Greetings again from the darkness. More. Better. Faster. Most industries have those goals, and this story from French-Canadian writer-director Kim Nguyen focuses on high-frequency stock traders ... particularly a race between two competitive firms to cut one millisecond off the processing time. We learn that one millisecond is roughly one flap of a hummingbird wing (hence the film's title).
We also learn that one millisecond can translate into hundreds of millions in profits, which is why cousins Vincent and Anton walk away from their jobs at the Eva Torres brokerage firm to pursue their dream of shaving that single millisecond. Vincent (Jesse Eisenberg) is the fast-talking visionary and deal-maker, while Anton (Alexander Skarsgard) is the computer programming whiz. Yes, you read that correctly. Sex symbol Skarsgard ("True Blood", "Big Little Lies") plays a paunchy, balding, computer nerd with zero social skills. He also delivers the film's most enjoyable dance moves ... it's a moment to which any programmer can relate.
If any of the above (other than Anton's dance) seems the least bit exciting or enticing, you should know that the bulk of the film deals with the digging and drilling (there's even a montage) required to lay the fiber optic cable that will allow this extra-quick data delivery. Their plan is to tunnel from Kansas City to New Jersey in a perfectly straight line. Because of this, we get conversations with homeowners, conversations with Amish, conversations with drilling experts, and conversations with those who want this to happen, and those who don't. Have you ever thought about drilling through a granite mountain that is located in the middle of a park? Neither have I, and I wouldn't have thought of it again if not for writing this review.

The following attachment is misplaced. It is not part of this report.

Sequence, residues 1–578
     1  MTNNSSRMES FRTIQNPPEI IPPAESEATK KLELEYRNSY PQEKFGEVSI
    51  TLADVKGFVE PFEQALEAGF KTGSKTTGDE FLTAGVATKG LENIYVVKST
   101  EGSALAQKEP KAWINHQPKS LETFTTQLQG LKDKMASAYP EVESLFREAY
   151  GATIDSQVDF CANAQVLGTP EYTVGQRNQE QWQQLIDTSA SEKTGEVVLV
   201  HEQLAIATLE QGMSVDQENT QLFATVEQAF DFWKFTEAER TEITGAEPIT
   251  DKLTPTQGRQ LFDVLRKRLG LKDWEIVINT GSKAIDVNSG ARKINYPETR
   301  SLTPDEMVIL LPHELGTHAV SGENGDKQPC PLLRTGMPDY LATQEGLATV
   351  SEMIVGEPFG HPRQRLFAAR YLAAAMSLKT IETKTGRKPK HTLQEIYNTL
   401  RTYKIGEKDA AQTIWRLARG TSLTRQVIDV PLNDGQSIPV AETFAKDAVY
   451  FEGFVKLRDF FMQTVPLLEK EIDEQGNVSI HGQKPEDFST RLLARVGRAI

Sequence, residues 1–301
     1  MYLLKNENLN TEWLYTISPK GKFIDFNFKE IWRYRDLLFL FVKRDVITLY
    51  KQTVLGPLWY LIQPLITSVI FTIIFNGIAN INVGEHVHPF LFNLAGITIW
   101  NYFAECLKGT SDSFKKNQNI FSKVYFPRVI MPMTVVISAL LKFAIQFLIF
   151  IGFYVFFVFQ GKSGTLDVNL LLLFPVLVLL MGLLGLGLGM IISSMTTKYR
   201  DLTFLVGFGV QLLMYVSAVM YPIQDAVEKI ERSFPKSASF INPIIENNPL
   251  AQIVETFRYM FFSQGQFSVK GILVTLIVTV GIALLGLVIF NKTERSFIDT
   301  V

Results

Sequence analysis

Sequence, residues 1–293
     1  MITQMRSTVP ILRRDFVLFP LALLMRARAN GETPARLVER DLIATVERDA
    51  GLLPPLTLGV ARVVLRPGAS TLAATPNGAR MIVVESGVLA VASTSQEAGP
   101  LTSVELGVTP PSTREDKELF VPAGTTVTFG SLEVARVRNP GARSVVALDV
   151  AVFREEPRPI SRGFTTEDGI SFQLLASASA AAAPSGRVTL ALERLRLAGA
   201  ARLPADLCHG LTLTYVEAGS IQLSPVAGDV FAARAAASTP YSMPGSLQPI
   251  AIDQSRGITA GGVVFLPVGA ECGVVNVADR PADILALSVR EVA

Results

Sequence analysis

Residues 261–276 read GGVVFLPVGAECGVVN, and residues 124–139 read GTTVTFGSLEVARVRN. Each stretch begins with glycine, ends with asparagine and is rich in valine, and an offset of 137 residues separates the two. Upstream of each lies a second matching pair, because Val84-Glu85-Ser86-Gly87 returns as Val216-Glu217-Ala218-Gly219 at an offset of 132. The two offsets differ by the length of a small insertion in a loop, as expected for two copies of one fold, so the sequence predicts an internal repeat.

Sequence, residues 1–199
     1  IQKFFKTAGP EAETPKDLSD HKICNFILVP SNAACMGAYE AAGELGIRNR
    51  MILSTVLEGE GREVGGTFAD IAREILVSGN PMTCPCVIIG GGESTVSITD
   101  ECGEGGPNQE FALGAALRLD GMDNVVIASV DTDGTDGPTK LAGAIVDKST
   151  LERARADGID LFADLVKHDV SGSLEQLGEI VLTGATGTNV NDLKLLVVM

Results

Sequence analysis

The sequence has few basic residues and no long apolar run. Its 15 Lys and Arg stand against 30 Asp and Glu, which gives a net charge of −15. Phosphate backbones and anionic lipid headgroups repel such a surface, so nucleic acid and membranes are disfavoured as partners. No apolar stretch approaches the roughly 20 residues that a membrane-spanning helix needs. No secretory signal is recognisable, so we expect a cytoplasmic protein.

To clarify, this is a story that seems like it could be true, but isn't. Most of the screen time is devoted to either underground drilling, computer programming, or intellectual property. And while I'm sure each of these categories have their fans, most will agree the transfer to cinema does not come off especially entertaining. In fact, it's so dry that the filmmaker felt the need to include a cancer sub-plot in hopes that we might find Vincent a bit more appealing as a character. It should be noted that since his Oscar nomination for THE SOCIAL NETWORK, Mr. Eisenberg has displayed a remarkable lack of variation in the roles he's chosen and characters he's played. At this point, we mostly just find him annoying, rather than brilliant or even mildly interesting.
Salma Hayek plays Eva Torres, former boss of the cousins, and now laser-focused in not letting the boys win. Ms. Hayek is given relatively little screen time, and is portrayed as the villain ... although her goals are no different than Vincent's and Anton's. Michael Mando plays Mark Vega, the partner and drilling expert the boys choose to project manage this undertaking. Mr. Mando is best known as Nacho from both "Better Call Saul" and "Breaking Bad". Ayisha Issa brings a momentary jolt to the proceedings as a mountain driller, but the film simply drags when neither Mr. Skarsgard nor Ms. Hayek are on screen.
Technology is a very difficult topic to make visually entertaining. I'm not talking about the high-tech special effects that go into making the wildly successful superhero movies that are so popular these days. No, I'm referring to actual technology ... programming and data analysis. The list of technology-focused films includes: SNEAKERS, THE SOCIAL NETWORK, OFFICE SPACE, HACKERS, WAR GAMES, SWORDFISH, and THE IMITATION GAME. The best of these understood that the story around the technology was more vital than the actual programming being done. And all of them were wise enough to avoid drilling and digging. Then again, none of the others featured a dancing Skarsgard.